New Showtime series The Borgias premiered Sunday evening. The series has been touted as “the original crime family” and its parallels to The Godfather are definitely pushed to the hilt. But it’s not such a bad conceit to contrast the familiar Mario Puzo saga with this historical family that used whatever means it had at its disposal to gain power. In Italy in the late 15th-early 16th century the seat of power was the Catholic Church.
The episode started off with a visual bang. The colors — the sets, the costumes — are great, like faded frescoes, with Holliday Grainger a perfect visual choice to play Lucrezia Borgia. She looks like she stepped out of an angel painting herself.
Siblings Lucrezia (Holliday Grainger) and Cesare (François Arnaud) Borgia
Creator Neil Jordan has teamed up to co-produce the series with Michael Hirst, who has already proved he knows what he’s doing in a historical drama series with The Tudors. Following the now tried-and-true formula of mixing sexual and political machinations with sumptuous costumes and excellent actors, The Borgias is off to a very interesting start. Already the sex scenes in The Borgias are more tasteful, athe acting more nuanced, than the recent clunky Camelot.
The drama opens with Cardinal Rodrigo Borgia (Jeremy Irons) scheming to succeed the recently deceased pope while his family wonders what impact his undoubted success will have on them. Son Cesare is a cleric by day and “whatever he wants to be” by night. His younger and seemingly innocent sister Lucrezia is titillated and impressed by his amorous adventures, but Cesare is mostly worried about what his father will want him to do next.
Tired of waiting for the results and endless voting at the Vatican, Rodrigo orders Cesare to buy votes from the cardinals to secure his election. When the numbers finally go Rodrigo’s way, two cardinals, Orsino Orsini (Derek Jacobi), and Giuliano della Rovere (Colm Feore), have the nerve to question the honesty of the vote count and receive a distinctly unfriendly kiss from Rodrigo (Della Rovere will ultimately become Pope Julius II, who succeeded Pius III, who succeeded Borgia.) The election results go through. In a strange, yet interesting scene the new Pope-elect has to have his privates checked before they release the white smoke.
Rodrigo, now Pope Alexander VI, seems genuinely moved during his coronation, but it is hard to tell if he is moved by anything divine or just the sheer, unmitigated power at his fingertips. “I am Rodrigo Borgia no longer. I am Alexander Sextus. When the crown touched our head I was humbled, even frightened,” he tells Cesare. Irons plays the Pope as such a powerful, self-centered and demanding person that he makes his son, the infamous Cesare Borgia, seem almost sympathetic. Almost.
Jeremy Irons (Rodrigo Borgia) and Orsino Orsini (Derek Jacobi)
Jacobi finds himself in a similar situation to his signature role as Claudius, in I, Claudius, where he had to humor his nephew, the willful and deranged Emperor Caligula. Vocally opposing the Pope in front of the other cardinals he is advised by Della Rovere to kiss the ring of the Pope and swallow all of his objections. But in private he and Della Rovere plan to make the new Pope’s reign a short one. While snooping around Orsini’s palace during a banquet he and his father are attending, Cesare soon discovers Orsini’s plot. But as a spy and fighter he is not as slick as he thinks. He unearths a hired assassin who quickly outmaneuvers him, but fortunately for him, also as quickly offers his services to the Borgias. Alas, poor Derek.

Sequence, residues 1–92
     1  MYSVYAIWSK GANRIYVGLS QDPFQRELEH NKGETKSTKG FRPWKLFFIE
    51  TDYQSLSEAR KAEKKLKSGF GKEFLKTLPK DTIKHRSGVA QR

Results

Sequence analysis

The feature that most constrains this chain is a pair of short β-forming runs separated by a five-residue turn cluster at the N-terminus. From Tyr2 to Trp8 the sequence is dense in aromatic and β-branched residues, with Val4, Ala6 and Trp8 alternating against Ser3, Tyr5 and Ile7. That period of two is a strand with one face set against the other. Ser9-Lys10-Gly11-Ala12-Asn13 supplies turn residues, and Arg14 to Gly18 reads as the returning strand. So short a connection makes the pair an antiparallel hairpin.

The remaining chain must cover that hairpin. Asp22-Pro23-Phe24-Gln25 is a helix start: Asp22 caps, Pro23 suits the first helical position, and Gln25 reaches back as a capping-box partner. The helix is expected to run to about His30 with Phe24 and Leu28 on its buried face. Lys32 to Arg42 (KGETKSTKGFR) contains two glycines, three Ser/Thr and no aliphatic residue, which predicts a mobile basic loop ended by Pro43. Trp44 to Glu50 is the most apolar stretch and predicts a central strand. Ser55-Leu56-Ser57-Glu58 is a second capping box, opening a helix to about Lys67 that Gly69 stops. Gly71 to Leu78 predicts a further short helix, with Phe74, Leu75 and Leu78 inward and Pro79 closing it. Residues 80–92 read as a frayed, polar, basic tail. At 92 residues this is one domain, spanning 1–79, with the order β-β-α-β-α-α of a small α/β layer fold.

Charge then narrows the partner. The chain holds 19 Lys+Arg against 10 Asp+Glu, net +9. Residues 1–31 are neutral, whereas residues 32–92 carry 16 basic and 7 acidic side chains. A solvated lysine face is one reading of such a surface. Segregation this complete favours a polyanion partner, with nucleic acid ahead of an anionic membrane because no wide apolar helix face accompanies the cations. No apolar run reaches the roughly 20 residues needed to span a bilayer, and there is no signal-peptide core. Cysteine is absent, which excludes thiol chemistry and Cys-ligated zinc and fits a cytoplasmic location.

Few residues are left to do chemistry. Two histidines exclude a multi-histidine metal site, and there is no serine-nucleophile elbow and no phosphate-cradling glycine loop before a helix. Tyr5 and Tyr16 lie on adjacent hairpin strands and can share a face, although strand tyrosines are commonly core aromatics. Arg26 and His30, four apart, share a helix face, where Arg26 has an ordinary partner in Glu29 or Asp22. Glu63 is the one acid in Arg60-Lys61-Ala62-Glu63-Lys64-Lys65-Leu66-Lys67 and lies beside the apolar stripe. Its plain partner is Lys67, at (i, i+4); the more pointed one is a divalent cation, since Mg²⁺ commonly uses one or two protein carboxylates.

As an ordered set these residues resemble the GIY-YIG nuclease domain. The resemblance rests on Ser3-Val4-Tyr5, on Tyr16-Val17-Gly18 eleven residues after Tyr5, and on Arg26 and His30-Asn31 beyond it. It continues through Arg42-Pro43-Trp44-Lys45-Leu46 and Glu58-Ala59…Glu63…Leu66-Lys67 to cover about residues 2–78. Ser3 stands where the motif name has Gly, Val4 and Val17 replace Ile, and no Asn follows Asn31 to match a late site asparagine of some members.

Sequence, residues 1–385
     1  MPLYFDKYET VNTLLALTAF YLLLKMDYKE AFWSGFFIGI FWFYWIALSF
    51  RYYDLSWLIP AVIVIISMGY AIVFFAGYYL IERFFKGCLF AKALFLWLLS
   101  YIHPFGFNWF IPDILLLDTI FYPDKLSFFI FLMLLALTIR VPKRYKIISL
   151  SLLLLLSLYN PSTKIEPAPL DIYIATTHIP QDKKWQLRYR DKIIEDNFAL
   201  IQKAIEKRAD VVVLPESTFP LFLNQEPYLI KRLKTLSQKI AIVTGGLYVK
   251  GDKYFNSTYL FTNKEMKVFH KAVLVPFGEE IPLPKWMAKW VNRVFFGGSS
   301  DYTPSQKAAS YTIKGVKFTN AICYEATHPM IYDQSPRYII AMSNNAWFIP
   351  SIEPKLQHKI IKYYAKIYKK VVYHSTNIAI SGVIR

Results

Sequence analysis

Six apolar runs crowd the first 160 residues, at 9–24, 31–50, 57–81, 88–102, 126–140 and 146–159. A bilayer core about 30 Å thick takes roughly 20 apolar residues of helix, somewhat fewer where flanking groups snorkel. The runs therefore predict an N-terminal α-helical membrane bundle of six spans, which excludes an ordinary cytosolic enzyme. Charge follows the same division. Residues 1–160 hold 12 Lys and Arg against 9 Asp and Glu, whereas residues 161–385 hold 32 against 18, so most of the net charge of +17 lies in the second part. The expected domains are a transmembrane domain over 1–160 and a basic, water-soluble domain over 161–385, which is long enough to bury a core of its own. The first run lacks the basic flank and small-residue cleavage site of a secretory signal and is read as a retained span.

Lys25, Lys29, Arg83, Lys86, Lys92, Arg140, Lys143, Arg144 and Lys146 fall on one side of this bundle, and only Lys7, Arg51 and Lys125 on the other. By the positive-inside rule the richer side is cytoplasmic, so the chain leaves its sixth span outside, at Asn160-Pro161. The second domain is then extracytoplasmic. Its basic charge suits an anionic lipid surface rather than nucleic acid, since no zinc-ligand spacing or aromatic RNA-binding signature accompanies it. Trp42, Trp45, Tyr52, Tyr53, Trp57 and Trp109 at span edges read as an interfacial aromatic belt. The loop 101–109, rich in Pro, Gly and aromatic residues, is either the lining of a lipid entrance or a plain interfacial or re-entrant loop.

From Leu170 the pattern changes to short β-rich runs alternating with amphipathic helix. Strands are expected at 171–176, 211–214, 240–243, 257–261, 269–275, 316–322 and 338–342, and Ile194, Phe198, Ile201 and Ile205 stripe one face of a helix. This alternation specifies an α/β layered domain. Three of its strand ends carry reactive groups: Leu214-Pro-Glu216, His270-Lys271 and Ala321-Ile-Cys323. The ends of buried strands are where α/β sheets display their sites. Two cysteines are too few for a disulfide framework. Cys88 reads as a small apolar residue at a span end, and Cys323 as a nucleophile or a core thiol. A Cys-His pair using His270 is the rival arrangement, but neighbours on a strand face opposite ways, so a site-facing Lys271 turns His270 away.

Cesare forms a twisted alliance with his newly-hired assassin and effectively becomes Pope Alexander’s Capo withoiut having to get his own hands dirty. They “go to the mattresses.” The Pope, who says one thing and does almost always the opposite, claims they should “Draw the line at murder.” Cesare assures him that line has already been crossed. He sighs, but takes it in stride.
Vannozza dei Cattanei (Joanne Whalley), Rodrigo’s mistress, presides over his home, at least for now. Her lover, now newly-elected Pope Alexander VI tells her, “Not only must the Pope be chaste, he must be seen to be chaste.” Ah, the hypocrisy. The Pope may acknowledge his (four) children, but not his mistress, their mother. Of course his proclamations of intended chastity don’t stop him from taking an active interest in lonely and available Giulia Farnese (Lotte Verbeek), who he meets in the confessional. It’s good to be the Pope.
Pope Alexander hasn’t been in office very long before there is already an assassination attempt on his life which is quickly reversed and revenged (“Try the veal.“), as well as a newly installed mistress with accompanying scandal. He and his son have a bickering push-pull relationship (Cesare has shades of both Sonny and Michael Corleone), but they make an effective team. The Pope seems unfazed by all opposition, “What would Rome be without a plot?” He seems more than capable of making some offers that can’t be refused.
The Borgias is off to a rollicking start, with possibly even more dramatic potential than The Tudors. There was drama and pathos galore in the story of Henry VIII and his many wives, but his family’s story and legacy is far more well-known and familiar than the Borgias’. Pope Alexander VI was bold in his politics, and tolerated no adversaries. The most well-known probably was Savonarola, who Borgia eliminated in quite a public and dramatic fashion. Alexander VI pushed his family forward unrelentingly, but was also an avid patron of the arts, supporting such artists as Michelangelo and Raphael. There are many stories to tell. Hopefully The Borgias will continue bring the fascinating history while allowing Irons and Co. to make us want to watch this family as much as the Corleones.